Tal: it kind of goes back to the discussion of triggers. As this event would possibly start to ramp up, and we start to lose infrastructure, we start to activate our triggers, just like we did in Lower Puna, where, you know, roadways start failing, communities don’t have evacuation routes, we’re going to have to get those communities into safe places. All those are considered. So when you talk about which way to go… you know we’re already thinking that during the summertime, you get 90% chance of trades blowing out of the northeast, So we know that Ka’u is going to get impacted if there’s any kind of ash fallout. So we’ve got to activate the shelters in those areas for those populations. But like you said, it depends on what side you go, what side you see activities on, maybe where you have alternative housing for yourself. But that’s all the preparations that you’re going to have to make ahead of time. You’re going to have to dig deep, talk to friends, relatives. Start that planning. People in Lower Puna had to do that, some sooner than later. Neighbors had to start opening up their houses for other folks. And so it becomes an island-wide event. I know some people have relocated to Kona, just for the housing. So my philosophy for you guys or words of wisdom is, start now, prepare early, get your plans in place. [Tal, the person was asking for specific info to help them MAKE that plan.] Human nature, we hope for the best. In my position, I have to think about the worst. And so that’s part of why we’re here, even though the percentage is single digits, as low as 1%, I have to be thinking about it for you guys, making sure you’re ready for it.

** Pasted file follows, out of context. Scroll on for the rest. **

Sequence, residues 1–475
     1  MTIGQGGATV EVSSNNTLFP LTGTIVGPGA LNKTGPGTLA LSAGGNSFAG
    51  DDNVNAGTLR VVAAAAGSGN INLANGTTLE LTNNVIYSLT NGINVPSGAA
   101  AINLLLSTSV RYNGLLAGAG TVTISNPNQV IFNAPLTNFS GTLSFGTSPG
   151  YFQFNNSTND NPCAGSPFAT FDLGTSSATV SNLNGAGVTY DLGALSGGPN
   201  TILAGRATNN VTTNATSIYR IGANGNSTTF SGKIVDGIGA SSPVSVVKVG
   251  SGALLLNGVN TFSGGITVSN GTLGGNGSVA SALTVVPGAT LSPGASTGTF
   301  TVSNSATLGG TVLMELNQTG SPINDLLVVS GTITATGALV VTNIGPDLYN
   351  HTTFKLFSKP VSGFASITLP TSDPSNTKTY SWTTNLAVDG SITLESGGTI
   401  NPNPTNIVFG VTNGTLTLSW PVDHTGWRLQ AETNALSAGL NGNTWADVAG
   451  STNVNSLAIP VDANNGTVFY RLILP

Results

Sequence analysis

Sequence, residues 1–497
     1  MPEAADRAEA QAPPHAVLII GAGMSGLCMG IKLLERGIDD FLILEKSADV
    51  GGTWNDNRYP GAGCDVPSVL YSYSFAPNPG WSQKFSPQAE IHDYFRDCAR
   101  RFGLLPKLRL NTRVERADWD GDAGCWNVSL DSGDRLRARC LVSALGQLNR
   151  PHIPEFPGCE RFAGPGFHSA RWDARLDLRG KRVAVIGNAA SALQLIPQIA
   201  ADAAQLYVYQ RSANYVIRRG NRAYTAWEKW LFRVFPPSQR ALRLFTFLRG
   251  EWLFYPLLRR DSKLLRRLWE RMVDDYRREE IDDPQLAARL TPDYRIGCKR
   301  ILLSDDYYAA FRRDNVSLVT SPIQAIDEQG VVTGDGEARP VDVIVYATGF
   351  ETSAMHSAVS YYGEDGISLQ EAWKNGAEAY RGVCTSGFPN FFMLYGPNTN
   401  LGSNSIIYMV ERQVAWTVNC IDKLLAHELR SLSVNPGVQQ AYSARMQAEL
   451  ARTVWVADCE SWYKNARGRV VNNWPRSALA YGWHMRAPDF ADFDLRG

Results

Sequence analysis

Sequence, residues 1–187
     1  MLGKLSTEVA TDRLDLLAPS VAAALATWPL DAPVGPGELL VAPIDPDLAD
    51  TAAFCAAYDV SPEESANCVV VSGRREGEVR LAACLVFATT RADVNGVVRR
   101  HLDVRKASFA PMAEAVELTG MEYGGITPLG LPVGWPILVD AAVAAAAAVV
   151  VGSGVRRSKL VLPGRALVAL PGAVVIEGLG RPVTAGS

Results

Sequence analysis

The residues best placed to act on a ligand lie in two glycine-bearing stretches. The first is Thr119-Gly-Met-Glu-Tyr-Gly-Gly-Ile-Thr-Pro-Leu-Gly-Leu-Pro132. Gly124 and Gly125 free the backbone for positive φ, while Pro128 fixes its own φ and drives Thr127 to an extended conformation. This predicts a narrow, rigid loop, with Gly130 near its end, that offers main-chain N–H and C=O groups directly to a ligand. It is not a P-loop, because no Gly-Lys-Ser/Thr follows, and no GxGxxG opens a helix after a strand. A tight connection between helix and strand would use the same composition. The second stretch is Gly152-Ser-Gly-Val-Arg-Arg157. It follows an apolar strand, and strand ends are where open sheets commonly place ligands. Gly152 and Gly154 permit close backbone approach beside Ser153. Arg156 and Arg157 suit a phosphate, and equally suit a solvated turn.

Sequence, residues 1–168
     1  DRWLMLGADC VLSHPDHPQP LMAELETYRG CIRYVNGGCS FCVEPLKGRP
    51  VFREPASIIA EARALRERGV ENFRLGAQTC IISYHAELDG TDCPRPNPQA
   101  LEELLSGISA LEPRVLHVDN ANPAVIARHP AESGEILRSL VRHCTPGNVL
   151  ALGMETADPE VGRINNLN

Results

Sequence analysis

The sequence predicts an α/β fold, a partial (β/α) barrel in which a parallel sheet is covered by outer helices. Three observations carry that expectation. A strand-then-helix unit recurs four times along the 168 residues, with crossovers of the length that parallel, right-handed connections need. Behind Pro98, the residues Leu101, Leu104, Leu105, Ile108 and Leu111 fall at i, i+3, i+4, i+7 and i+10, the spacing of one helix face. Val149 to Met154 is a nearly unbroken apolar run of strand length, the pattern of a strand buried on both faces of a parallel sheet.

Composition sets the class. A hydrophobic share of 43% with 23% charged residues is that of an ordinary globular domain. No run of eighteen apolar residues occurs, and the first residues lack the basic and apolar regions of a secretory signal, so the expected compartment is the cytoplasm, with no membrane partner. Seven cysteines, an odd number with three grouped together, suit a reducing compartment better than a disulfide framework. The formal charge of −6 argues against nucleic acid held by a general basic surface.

Q: If that 1% happens, then what does that scenario look like, and what [mile???] readings are we talking about in regards to Volcano Golf Course, Village, [???]?

Tina: Before Don talks a little about that description in the document that will be on the web, there’s a map in the very back [Figure 5] that shows the extent of the area of most concern. Don can describe it.